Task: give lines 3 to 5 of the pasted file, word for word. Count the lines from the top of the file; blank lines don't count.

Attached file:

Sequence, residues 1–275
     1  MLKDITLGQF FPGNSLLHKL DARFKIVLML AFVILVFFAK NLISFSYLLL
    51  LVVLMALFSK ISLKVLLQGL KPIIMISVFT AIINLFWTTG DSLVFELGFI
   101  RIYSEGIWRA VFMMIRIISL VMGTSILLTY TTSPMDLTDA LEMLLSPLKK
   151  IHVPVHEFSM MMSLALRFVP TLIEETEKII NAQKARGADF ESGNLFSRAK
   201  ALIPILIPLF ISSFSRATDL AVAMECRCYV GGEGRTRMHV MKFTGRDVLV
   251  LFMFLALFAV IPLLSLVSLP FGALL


    51  LVVLMALFSK ISLKVLLQGL KPIIMISVFT AIINLFWTTG DSLVFELGFI
   101  RIYSEGIWRA VFMMIRIISL VMGTSILLTY TTSPMDLTDA LEMLLSPLKK
   151  IHVPVHEFSM MMSLALRFVP TLIEETEKII NAQKARGADF ESGNLFSRAK